I noticed that, in commenting on Jessica’s post on Saturday, my friend Dave Smith, quoting from the old penny catechism, commented that the ‘Church is one’ because it acknowledges one head – the Pope – among other reasons. I know what he means, but I also think that this Pope is about as far from a focus of unity as you could get. In yet another of his interminable monologues on a plane (can’t the man just watch the movies like ordinary people?) he seems to have said that it would be fine if folk used contraception to avoid conceiving because of the Zika virus. I write in the conditional tense because who can be sure what he means? If Dave really believes that he and his fellow Catholics are united under this Pope, or indeed under the last few, he’s ignoring the reality: under John Paul and Benedict the liberal Catholics ignored much of their social and moral teaching; now the boot is on the other foot. Any how, anyone who enters the Catholic blogosphere expecting the Church to ‘be one’ is going to be a sadder person after even half an hour there.
The RCC is not the only church which professes the Christian faith, or even the only one which can sustain a claim to have been founded by Jesus, and neither is it the only one to have been around from the beginning. With the exception of the Pope, the Orthodox Church claims all the same things, and they may both be right. They may also both be ignoring the work of the Holy Spirit in the world. The Creed is neither the product of, nor the possession of the Roman Catholic Church – indeed there was no delegate from the Rome at the 381 Constantinople Conference, and no one submitted the 325 Nicene one to Rome. I am glad the RCC exists, it gets more right than it gets wrong, but like billions of people in this world, I am not in the slightest convinced by its claims, neither do I think it has some unique access to the Holy Spirit.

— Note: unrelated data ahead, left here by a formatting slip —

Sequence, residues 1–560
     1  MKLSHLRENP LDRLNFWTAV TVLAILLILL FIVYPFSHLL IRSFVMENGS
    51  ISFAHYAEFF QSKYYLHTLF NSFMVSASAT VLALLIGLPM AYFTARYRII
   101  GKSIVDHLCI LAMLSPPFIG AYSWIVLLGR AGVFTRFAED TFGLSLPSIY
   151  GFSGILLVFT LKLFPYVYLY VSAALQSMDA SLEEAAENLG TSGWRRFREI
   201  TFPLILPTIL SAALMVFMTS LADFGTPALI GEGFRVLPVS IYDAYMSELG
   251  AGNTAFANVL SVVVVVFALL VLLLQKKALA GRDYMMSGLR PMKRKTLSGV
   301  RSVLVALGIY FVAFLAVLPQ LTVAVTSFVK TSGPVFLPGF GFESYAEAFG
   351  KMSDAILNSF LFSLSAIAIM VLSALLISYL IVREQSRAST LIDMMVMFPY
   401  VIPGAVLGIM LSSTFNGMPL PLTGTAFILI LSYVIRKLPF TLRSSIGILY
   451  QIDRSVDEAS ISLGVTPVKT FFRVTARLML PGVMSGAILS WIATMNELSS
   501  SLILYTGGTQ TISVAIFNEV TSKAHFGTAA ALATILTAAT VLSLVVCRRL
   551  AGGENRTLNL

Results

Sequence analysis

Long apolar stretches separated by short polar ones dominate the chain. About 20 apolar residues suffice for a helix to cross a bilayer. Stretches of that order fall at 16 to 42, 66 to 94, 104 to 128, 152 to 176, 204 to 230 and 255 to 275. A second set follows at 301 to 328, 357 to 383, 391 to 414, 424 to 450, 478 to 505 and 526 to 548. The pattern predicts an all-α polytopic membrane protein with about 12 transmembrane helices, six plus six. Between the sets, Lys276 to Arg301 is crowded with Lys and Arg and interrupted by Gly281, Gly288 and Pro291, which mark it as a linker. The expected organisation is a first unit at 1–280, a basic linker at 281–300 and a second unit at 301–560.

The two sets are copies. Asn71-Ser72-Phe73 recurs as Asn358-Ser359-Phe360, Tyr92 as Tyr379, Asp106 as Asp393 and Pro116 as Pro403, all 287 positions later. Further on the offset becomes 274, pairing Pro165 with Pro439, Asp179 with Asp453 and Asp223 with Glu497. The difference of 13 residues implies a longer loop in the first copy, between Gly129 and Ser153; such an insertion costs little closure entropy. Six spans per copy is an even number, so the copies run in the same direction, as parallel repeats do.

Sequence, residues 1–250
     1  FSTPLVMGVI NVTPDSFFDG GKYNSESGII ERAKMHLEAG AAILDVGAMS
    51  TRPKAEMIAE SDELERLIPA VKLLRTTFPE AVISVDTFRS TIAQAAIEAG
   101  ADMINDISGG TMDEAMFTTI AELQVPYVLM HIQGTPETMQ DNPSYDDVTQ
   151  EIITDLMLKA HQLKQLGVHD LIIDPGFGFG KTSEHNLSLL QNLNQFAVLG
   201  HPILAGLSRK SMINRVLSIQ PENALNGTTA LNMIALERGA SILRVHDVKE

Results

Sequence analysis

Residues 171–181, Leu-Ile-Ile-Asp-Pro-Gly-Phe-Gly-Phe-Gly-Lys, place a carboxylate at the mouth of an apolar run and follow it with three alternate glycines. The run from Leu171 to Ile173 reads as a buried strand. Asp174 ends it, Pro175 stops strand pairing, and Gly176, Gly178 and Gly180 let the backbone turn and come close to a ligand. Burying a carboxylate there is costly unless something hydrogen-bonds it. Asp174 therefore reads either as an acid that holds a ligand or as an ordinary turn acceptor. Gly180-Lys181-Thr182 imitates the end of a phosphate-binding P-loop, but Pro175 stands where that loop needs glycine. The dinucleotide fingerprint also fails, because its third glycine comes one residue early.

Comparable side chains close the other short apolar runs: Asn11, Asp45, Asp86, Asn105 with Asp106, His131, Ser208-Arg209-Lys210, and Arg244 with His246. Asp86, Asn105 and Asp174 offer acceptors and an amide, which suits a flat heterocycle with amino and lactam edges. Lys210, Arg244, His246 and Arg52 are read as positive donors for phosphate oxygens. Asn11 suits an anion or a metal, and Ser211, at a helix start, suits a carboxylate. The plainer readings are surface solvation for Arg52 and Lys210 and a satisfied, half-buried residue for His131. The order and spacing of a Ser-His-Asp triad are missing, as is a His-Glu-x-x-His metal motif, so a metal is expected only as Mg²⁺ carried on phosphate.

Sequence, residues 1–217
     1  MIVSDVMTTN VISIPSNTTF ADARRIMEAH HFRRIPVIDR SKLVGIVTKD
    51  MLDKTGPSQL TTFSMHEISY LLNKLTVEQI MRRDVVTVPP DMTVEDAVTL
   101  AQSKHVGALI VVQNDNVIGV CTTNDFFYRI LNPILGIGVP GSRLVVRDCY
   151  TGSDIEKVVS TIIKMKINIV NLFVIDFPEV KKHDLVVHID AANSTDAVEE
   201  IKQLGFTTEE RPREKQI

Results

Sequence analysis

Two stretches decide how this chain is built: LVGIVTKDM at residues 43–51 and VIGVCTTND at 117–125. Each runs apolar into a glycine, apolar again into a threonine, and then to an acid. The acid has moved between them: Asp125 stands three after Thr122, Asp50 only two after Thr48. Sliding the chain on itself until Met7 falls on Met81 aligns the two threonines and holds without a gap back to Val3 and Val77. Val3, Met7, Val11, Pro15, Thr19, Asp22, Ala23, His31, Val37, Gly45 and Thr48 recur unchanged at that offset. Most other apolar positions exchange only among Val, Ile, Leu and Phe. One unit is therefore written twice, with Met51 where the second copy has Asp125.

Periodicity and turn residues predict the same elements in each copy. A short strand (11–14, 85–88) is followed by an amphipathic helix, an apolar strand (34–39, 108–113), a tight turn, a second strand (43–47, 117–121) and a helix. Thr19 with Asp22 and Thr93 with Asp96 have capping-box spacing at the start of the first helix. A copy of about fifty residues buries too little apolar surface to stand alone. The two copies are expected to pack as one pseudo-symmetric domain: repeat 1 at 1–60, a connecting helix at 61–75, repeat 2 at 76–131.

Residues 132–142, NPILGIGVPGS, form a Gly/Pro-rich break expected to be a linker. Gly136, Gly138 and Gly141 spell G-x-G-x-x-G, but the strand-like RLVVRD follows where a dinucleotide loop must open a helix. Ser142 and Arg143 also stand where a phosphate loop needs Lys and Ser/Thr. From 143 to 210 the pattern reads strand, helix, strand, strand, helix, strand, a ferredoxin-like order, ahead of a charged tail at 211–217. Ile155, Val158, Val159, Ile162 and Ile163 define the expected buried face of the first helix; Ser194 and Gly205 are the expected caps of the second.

I was pleased that the Pope met with the Moscow Patriarch, as I am whenever Christian leaders meet and behave like brothers. For once, Pope Frank did not shoot off at the mouth, and that can only be a good thing. But anyone who imagines that either of those churches is going to be the sole engine of some great evangelism is as barmy as anyone who imagines that my church or any other will be. Jessica is spot on in thinking that if we spend so much time on the past, we shan’t have much of a future.
A common complaint among Christians is the challenge we face in the public square. Jessica is quite right in thinking it cannot be met by insisting on old divisions, and, I fear, in thinking that too many Christians will carry on doing just that. With those, as with those Orthodox who rejected the compromises of Florence, nothing, not even the flag of Allah flying atop a symbol of Christendom, will change their mind. If they are the last Christians on earth, they will rejoice at being the pure remnant. You know, we might at least try to help the Holy Spirit out here.